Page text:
Tax implications of a 1031

6 Replies

Tax implications of a 1031

I am trying to understand the tax implications of doing 1031 exchange on an investment property.

I have an investment property that I lived in for 8 years and then rented for 5.

I will have about 60K in gains and I depreciate about 5K/year on it.

I am considering rolling it over into a larger rental and then slowly improving the property.

Do you have to pay depreciaion recapture and capital gains on the years that you lived in a property or only the years that it was rented, if you do NOT qualify for 2-of-5 rule?

If I move into the 2nd property after a few years, how does the "capital gains tax exclusion" work with the liability that gets rollod over in a 1031?

Any advice or guidance would be appreciated.

Thanks

@David Green , What you have is an investment property pure and simple.  You're right you do not qualify for the exclusion of sec 121 so if you sell without a 1031 you would pay all tax on the gain and depreciation recapture.

If you do a 1031 then your adjusted basis carries forward into that new property.  You defer recognition of the gain and you defer depreciation recapture.  Your purchase of more than you sold actually increases your depreciable basis.

If you decide to move into it in a few years you simply change the use and that does not trigger a recognition of gain.  So as long as you owned it again the gain and depreciation recapture would be deferred.

When you finally sell that property after 1031ing and then converting it into your primary residence you will get a partial 121 primary residence exclusion.

1. In order to do so you must have owned the property for 5 years as well as have lived in it for 2 out of the previous 5.

2. When you sell you will prorate the gain between periods of "qualified use" (as a primary) and "non-qualified use" (as investment).  The amount allocated to qualified use you will get tax free within the $250K/$500K limitations.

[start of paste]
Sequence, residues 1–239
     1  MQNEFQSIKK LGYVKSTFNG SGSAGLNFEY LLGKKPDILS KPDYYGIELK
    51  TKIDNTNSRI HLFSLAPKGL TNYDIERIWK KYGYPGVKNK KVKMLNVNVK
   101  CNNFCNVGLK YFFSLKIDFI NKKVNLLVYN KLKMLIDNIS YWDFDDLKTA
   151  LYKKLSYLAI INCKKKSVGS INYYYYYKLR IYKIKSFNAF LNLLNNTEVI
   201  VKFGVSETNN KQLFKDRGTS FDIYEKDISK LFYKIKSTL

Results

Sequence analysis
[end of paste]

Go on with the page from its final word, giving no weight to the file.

3. You will still have to recapture all depreciation at that point.

So, if you rented it for two and then moved in for three and sold it you would get 60% of the gain tax free and would pay tax on 40% and recapture all depreciation.  Not as sweet as the old days but still not a bad plan.

@Dave Foster Thanks so much for that response!

It sounds the number of years I rented the original property does not have any bearing on calculating %TaxFreeGain on the 2nd property.  

If I were to roll over 60K in gains over into a new property that cost 300K and sold it 10 years later for 400K I would only have to pay capital gains on 80% of 160K?  Rent 2, Live in 8. 

@David Green , yep.  Plus of course the depreciation recapture.  Although it's not entirely tax free it's still not a bad idea.  And of course the longer you live there the greater the amount of tax free gain.

@David Green - There's no depreciation allowance available on your primary residence.  So no tax break - only on investment property.  But there's also no depreciation recapture on the back side when you sell.